It is that time of year again and we are publishing our annual Maine Literacy and Technology Pilot report. I am sharing part 1 here because - as you will notice - the level of meta-cognition required for students within this 21st century framework. Collaboration requires a level of self-awareness and self-direction. This begs the question - are we teaching meta-cognition as explicitly as we should?
Sunday, June 26, 2011
To many of you, this may sound like an odd combination - given the grade levels and content areas. However, one of the essential elements we discovered last year through our EDU 593 class, was the existent of common characteristics in the collaborative process - spanning grade levels and contents.
We began EDU 593 - Guided Inquiry in the 21st Century Classroom: Technology and Literacy - in the Spring of 2010.
Guided inquiry of and in itself demands collaboration - between the expert other and the novice (Vygotzky). However, within the context of technology and what we now know about the importance of social interaction, we soon identified students' and teachers' ability to - "share knowledge and participate ethically and productively as members of our democratic society" - as the top priority as well as the area where many teachers need the most assistance; staff development and practice.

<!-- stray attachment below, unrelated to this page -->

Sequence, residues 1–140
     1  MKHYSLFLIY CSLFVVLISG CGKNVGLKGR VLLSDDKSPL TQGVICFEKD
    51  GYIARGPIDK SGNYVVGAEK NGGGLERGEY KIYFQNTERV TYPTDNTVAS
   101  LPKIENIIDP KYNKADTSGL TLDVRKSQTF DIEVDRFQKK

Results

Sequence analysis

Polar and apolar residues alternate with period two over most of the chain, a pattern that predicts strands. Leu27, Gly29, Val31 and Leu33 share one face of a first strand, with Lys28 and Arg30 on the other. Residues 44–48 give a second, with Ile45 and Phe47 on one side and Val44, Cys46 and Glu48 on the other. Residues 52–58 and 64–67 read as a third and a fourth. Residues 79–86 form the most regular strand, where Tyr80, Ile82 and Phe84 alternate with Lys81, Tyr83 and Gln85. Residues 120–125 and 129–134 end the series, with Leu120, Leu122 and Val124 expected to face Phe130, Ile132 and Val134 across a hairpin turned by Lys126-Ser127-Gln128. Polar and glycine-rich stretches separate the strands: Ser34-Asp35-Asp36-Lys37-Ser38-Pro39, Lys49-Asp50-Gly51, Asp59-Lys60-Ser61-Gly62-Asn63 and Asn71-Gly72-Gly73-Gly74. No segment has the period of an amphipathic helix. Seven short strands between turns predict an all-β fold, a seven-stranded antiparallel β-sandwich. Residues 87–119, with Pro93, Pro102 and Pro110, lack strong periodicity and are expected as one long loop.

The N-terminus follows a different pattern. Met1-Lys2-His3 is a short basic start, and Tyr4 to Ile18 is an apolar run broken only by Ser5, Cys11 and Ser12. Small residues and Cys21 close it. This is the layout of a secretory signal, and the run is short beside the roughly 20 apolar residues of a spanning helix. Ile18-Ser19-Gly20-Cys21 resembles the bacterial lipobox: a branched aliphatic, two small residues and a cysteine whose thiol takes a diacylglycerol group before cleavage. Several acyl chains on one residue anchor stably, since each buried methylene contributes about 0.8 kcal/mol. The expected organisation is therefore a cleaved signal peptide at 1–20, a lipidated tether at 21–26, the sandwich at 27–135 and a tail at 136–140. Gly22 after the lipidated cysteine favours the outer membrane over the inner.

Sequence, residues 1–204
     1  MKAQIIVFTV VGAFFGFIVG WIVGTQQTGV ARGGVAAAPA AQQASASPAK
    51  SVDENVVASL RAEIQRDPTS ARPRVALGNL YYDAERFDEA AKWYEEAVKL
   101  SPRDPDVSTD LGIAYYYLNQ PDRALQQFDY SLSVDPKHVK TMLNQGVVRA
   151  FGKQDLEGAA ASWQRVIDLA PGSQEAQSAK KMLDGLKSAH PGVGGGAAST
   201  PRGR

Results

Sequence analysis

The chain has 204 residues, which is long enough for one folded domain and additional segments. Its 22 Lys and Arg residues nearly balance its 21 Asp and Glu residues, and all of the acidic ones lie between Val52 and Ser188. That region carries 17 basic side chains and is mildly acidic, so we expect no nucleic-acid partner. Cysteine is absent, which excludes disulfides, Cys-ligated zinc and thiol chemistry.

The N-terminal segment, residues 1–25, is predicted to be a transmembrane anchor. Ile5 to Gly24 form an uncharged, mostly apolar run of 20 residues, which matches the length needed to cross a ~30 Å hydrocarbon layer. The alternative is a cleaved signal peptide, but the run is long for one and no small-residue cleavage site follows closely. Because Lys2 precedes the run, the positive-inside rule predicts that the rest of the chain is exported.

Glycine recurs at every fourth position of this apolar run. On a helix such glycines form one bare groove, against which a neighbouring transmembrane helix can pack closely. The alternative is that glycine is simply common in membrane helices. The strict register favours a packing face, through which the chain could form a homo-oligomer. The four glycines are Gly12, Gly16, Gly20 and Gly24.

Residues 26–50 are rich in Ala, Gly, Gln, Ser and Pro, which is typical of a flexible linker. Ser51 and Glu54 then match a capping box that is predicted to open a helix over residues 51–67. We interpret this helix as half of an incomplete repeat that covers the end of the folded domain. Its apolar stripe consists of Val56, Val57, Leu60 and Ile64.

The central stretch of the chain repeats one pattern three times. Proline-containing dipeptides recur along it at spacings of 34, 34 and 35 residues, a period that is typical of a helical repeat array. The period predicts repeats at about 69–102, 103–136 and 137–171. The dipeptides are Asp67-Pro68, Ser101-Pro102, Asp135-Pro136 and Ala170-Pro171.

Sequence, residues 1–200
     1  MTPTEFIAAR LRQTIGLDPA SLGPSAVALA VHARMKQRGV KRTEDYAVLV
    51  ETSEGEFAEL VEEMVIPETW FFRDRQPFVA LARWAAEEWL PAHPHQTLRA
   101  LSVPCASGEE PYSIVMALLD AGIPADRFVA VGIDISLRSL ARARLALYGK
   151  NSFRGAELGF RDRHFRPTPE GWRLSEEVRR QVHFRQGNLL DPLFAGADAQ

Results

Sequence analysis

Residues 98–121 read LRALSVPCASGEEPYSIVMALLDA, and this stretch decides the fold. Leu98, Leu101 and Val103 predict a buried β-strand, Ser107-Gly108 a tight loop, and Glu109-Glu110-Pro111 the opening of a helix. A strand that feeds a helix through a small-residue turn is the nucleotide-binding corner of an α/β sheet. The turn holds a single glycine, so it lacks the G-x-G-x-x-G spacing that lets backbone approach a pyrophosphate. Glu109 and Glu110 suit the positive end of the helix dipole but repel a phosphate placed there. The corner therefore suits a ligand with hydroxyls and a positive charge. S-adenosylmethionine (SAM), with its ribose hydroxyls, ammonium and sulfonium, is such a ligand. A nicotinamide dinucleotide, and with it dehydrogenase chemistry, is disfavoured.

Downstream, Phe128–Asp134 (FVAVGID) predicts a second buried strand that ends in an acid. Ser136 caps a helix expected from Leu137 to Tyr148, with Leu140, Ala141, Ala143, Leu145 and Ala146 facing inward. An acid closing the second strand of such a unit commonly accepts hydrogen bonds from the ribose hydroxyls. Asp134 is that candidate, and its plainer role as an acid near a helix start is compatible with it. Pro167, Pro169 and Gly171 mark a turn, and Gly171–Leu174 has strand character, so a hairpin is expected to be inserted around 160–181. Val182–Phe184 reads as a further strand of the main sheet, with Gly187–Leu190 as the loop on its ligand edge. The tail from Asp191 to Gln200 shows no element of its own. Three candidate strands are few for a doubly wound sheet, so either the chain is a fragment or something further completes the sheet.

We began with the rubric found in Carol Kuthlthau's text, Guided Inquiry; Learning in the 21st
Century (one primary text for the course).
Using Guided Inquiry to foster collaboration in the classroom with technology in order to provide a framework for students to understand information through a globally aware and culturally literate lens.
- Research & Gather information
- Empathy / Frame of reference
- Making connections (Gardner)
- Cause and effect
- Cultural Awareness
- Understanding the role of Technology
- Participant Responsibilities
- Effective communication
- Research & Gather Information
- Share Information
- Be Punctual
- Take Responsibility
- Fulfill Team Role's Duties
- Participate in Science Conference
- Share Equally
- Value Others' Viewpoints
- Listen to Other Teammates
- Cooperate with Teammates
- Make Fair Decisions
Cultural Literacy Rubric:
- Awareness of culture
- Awareness of history and its impact
- Perspective taking - history
- Stereotyping and bias
- Language proficiency
- Awareness of technology’s impact on interconnections between nations/ individuals, global economy
- Understanding of the interconnected-ness of the global economy
- Understanding of the impact of global economy on political decision-making
- Understanding the impact of decisions made by national, international organizations on societies, environment, economies
- Understanding of the impact of culture on political relationships
- Understanding of the impact of ideology, culture on decisions related to technology and access
- Participation in the global society
Definitions:Guided Inquiry - definition here
Collaborative Reasoning - not consensus,...
Can we create core common language and a core language --> Use in the rubric
“Collaborative reasoning discussions are intended to create a forum for children to listen to one another think out loud as they learn to engage in reasoned argumentation.”
Look at Costa’s work